Sedentary behavior (SB) is defined as a mean of >6 hours of daytime sitting or lying down. SB has been shown to increase with older age and is a risk factor for disease. During the transition from working life to retirement, changes in daily life activities occur, risking increased SB. The aim of the present study was to gain a deeper understanding of SB in relation to the transition from working life to retirement as experienced by persons in retirement.

    Methods

    The study was grounded in a phenomenological life-world perspective. Fourteen semi-structured interviews were conducted with participants aged 64–75. Data were analyzed using the empirical phenomenological psychological method.

    Results

    The participants described that voluntary sedentary time was positively related to general health and well-being, while involuntary sedentary time was negatively related to health. Increased sedentary time was described as natural when aging. Retirement was expressed as a time for rest after hard work and the ability to choose a slower pace in life. Internal and external demands and daily routines interrupted SB, whereas loneliness was perceived to increase SB. Participants strived to find a balance between physical activity and sedentary time. The variations in the participants’ descriptions formed three typologies: in light of meaningful sedentary behavior, in the shadow of involuntary sedentary behavior, and a dual process – postponing sedentary behavior with physical activity.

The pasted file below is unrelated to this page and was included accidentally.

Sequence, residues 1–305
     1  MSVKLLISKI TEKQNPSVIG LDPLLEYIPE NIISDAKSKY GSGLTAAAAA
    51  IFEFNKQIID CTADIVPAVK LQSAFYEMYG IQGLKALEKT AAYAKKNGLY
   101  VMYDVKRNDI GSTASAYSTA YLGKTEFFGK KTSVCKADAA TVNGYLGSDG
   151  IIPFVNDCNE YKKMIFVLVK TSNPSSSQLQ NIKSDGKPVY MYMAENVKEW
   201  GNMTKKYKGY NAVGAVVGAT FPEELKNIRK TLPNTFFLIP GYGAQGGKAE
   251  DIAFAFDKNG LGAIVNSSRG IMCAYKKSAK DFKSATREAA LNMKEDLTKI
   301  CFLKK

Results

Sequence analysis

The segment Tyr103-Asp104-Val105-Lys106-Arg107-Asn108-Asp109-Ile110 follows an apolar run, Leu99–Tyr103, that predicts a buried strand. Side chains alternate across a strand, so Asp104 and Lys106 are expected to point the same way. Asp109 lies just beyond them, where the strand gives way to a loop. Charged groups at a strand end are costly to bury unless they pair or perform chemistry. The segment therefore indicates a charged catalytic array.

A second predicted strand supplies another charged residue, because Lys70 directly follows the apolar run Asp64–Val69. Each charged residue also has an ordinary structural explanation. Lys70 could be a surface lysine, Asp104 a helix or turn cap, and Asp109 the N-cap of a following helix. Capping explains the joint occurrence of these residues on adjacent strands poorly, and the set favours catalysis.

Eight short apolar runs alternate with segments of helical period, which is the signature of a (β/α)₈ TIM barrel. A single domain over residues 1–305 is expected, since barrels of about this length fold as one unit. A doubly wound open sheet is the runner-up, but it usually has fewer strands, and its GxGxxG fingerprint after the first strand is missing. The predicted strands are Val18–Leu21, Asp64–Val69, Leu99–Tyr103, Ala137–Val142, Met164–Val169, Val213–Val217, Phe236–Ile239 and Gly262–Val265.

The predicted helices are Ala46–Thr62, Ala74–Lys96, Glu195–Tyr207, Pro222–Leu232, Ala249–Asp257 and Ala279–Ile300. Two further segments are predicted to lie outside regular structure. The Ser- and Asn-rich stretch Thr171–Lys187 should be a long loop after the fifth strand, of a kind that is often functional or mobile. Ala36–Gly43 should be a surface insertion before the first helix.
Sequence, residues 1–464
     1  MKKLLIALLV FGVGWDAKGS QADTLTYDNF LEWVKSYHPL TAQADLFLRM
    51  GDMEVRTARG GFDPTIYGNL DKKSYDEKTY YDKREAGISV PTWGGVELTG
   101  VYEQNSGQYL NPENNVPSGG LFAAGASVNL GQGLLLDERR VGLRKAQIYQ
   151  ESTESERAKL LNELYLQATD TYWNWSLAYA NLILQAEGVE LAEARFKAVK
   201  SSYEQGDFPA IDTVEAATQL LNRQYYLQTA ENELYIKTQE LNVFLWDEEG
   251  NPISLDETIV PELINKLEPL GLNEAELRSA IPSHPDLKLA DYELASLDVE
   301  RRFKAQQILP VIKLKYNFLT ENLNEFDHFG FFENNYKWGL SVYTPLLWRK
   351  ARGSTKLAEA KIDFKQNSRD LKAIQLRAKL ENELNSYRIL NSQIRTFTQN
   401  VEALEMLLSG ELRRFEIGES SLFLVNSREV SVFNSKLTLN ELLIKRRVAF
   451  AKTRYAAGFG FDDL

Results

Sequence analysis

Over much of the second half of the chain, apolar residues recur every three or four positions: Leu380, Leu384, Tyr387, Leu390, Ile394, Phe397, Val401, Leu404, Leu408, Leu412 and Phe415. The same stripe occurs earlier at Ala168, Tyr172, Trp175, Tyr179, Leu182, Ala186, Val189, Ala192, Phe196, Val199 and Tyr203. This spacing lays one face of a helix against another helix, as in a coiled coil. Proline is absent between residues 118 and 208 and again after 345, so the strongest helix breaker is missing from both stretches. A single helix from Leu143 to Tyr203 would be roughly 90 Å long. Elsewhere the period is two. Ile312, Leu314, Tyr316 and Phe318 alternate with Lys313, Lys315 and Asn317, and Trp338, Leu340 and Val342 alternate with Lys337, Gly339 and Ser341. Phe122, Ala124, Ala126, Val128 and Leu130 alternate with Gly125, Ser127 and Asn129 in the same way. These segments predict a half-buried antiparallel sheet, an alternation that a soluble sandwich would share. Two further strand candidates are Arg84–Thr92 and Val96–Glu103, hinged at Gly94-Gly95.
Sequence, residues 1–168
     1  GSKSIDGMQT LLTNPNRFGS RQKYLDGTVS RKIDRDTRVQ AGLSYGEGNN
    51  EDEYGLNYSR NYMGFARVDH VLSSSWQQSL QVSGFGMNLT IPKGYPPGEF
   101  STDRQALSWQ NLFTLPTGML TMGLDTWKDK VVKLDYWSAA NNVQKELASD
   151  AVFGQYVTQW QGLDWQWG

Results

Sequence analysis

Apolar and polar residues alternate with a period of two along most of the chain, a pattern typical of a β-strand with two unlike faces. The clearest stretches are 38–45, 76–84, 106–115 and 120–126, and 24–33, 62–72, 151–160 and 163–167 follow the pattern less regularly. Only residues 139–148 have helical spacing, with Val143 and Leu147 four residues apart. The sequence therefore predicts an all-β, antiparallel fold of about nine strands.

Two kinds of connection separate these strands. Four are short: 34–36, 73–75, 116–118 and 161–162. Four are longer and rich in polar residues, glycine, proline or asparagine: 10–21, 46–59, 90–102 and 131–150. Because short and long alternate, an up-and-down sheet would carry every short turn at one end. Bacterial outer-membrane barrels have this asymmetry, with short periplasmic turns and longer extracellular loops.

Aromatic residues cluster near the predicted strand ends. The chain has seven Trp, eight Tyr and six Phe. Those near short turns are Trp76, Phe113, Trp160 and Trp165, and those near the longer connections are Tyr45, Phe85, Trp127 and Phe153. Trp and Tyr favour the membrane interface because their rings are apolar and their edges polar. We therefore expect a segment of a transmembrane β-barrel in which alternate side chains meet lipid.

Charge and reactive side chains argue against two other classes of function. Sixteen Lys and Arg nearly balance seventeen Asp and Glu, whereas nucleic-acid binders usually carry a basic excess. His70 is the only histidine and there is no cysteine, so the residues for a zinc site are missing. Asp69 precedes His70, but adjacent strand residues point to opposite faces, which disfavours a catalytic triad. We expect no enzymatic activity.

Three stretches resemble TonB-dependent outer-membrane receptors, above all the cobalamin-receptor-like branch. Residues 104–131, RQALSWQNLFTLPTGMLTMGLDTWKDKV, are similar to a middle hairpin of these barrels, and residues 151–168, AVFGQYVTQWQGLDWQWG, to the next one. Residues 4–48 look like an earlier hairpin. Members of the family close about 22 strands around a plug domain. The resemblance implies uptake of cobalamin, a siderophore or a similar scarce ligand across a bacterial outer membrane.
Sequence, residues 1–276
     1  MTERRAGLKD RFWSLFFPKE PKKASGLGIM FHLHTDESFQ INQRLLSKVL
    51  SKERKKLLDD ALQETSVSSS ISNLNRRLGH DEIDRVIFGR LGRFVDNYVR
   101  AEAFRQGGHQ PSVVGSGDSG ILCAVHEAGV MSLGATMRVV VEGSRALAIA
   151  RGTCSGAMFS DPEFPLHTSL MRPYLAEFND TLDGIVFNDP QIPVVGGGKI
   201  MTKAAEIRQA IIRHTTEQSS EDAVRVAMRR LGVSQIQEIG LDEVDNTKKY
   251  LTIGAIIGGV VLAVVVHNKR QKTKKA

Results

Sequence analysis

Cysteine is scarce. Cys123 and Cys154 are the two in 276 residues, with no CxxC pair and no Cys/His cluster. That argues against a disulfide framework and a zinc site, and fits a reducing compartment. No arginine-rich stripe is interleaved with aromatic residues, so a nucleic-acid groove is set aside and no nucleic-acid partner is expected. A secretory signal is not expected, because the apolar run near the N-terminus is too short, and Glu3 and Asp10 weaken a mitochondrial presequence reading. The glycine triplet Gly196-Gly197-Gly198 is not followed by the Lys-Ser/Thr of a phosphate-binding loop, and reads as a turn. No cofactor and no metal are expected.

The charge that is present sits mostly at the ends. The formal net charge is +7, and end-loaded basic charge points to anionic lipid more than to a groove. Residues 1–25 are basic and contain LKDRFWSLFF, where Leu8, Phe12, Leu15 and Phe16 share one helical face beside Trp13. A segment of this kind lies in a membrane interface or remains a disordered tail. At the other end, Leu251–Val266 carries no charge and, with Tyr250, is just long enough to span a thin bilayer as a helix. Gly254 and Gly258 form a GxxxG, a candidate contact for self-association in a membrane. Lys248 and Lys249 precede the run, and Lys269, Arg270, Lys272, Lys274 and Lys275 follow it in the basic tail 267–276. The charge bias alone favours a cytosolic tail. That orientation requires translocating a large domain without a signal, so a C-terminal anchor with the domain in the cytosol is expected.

Conclusions

    Increased SB was perceived as natural when aging, but something that may be postponed by conscious choices. SB was perceived as associated with health, rest and recovery but also with the risk of deteriorating health.

    Impact